Skip to main content

Currently Skimming:

Appendix D: State of the Art in Robotics
Pages 126-129

The Chapter Skim interface presents what we've algorithmically identified as the most significant single chunk of text within every page in the chapter.
Select key terms on the right to highlight them within pages of the chapter.

From page 126...
... Teleoperated robots have been used effectively by human operators to augment their skills or to be able to operate in remote, usually hazardous or inaccessible, environments. For example, the manipulators used on the International Space Station (ISS)
From page 127...
... However, much of the high-level reasoning and decision making is done by the remote human users, albeit infrequently because of the time delays associated with communication between the rovers and mission control on Earth. For example, remote human users set the science objectives (e.g., on which rock to place an instrument)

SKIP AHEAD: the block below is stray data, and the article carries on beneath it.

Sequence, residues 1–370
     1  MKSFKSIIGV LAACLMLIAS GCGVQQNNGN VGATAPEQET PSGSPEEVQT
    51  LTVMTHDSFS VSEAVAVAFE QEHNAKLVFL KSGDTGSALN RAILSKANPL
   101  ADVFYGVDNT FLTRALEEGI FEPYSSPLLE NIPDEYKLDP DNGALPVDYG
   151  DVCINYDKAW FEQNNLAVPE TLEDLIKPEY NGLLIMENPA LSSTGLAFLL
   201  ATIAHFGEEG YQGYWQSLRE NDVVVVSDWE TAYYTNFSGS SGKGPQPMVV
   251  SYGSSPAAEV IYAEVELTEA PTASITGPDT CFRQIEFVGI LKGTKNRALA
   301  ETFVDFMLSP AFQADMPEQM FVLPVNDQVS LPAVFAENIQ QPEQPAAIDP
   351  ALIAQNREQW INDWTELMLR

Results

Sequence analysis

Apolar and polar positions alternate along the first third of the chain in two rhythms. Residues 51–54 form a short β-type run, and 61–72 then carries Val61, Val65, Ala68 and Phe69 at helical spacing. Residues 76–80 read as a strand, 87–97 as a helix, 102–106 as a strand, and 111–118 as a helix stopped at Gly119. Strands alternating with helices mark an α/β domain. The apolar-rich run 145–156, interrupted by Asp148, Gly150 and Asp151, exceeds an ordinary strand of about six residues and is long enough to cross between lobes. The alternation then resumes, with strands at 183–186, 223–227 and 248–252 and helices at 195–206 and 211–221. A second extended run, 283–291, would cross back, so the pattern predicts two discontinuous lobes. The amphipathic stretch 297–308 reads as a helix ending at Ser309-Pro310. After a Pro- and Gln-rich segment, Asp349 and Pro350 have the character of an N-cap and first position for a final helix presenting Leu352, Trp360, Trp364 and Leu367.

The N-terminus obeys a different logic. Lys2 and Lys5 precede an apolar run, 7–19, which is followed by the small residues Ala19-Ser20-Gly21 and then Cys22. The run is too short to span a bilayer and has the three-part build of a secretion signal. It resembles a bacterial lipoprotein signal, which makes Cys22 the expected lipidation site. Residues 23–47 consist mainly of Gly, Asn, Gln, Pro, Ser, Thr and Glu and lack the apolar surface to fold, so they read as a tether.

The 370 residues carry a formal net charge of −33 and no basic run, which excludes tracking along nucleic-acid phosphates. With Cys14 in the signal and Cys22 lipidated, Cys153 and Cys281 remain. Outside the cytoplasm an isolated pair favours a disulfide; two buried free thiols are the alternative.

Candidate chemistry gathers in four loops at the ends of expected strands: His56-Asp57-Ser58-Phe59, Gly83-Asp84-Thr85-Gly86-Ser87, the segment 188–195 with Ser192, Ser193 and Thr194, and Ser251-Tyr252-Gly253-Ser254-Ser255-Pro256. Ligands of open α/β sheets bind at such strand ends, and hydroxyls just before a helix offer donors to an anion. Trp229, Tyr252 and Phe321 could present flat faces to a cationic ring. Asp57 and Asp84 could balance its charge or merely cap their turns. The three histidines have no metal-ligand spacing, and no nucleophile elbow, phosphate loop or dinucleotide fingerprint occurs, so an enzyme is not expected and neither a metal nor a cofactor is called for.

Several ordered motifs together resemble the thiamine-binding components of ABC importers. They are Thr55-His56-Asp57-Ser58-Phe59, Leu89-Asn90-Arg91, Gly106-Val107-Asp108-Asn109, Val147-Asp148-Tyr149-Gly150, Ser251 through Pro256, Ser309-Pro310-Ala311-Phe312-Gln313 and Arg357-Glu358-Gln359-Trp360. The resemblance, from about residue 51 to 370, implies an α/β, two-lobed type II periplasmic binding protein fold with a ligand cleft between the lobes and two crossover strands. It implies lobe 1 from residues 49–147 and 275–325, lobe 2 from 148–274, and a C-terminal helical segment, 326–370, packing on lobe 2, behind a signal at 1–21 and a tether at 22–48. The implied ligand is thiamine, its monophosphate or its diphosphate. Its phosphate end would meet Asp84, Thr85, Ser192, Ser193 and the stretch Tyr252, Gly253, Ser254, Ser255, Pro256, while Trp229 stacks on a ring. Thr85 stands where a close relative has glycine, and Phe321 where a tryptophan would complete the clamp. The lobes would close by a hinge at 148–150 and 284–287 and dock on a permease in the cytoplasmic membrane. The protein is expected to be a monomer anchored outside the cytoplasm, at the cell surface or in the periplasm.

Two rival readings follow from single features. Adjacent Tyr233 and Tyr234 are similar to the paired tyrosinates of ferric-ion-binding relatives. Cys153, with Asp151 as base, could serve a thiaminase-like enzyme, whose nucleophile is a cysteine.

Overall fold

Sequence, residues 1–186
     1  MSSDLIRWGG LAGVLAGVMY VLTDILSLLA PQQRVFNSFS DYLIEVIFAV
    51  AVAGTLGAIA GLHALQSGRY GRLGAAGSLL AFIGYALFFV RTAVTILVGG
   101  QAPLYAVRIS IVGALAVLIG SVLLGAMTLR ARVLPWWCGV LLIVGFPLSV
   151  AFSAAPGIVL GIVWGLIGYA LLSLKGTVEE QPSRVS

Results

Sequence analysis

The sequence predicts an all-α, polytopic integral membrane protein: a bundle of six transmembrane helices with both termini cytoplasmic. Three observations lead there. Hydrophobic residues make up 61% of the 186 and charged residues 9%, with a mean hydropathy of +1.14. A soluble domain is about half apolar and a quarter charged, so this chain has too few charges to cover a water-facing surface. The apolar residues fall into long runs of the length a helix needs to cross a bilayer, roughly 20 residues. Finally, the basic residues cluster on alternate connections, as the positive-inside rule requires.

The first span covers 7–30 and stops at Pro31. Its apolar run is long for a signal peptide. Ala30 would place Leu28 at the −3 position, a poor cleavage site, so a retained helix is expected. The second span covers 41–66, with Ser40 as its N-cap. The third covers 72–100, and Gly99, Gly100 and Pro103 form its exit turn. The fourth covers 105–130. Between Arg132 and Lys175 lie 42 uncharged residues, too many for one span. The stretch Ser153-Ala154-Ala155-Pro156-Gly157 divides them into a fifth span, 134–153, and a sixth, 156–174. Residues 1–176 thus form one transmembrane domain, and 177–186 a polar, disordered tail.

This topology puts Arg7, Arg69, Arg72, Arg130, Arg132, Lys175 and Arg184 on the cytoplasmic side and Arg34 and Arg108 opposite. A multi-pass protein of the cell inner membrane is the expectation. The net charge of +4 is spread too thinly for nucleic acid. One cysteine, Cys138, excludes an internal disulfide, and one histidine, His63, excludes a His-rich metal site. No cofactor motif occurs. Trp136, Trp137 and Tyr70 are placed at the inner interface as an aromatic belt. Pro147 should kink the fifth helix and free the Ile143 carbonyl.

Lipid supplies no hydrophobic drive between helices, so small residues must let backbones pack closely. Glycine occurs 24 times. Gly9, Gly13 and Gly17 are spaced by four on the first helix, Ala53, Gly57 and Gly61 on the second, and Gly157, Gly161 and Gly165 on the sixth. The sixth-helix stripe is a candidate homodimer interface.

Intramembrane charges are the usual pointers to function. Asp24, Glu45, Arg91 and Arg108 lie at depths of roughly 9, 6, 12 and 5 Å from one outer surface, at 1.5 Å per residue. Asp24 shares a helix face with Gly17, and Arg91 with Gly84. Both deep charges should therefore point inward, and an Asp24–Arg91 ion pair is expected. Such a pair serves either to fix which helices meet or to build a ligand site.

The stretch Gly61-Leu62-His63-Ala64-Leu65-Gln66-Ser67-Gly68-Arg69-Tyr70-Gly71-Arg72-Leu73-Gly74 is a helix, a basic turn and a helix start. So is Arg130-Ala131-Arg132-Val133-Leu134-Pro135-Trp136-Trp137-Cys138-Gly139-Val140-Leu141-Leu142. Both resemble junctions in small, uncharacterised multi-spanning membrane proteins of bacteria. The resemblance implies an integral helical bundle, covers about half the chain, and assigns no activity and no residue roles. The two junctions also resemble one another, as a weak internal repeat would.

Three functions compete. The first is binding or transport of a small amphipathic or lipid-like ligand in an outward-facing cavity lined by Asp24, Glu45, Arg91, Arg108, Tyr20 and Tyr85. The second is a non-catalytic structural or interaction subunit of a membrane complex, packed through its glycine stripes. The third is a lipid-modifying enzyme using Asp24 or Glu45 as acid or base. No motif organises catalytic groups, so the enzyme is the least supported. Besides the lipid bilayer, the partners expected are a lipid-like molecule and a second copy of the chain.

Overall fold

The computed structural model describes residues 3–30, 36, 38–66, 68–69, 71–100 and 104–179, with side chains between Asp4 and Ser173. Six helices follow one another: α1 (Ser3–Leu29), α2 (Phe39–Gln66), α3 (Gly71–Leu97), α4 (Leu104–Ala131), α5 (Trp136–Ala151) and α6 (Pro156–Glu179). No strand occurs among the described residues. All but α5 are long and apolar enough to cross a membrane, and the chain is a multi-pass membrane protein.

From page 128...
... Further, enabling those autonomous operations requires an extensive, dedicated research and development program, which begins in the laboratory and culminates in field demonstrations before actual deployment on a mission. For the MER rovers, autonomous navigation was identified as having significant mission benefits and was achieved only after years of focused research and development, such as identifying obstacles using computer vision and relative state estimation using wheel, inertial, and optical sensors.
From page 129...
... The ETS VII mission demonstrated autonomous rendezvous and capture of a target satellite. However, in this demonstration, the target was specially designed for capture, with appropriate fiduciaries for relative orientation, positioning, and capture.

This material may be derived from roughly machine-read images, and so is provided only to facilitate research.
More information on Chapter Skim is available.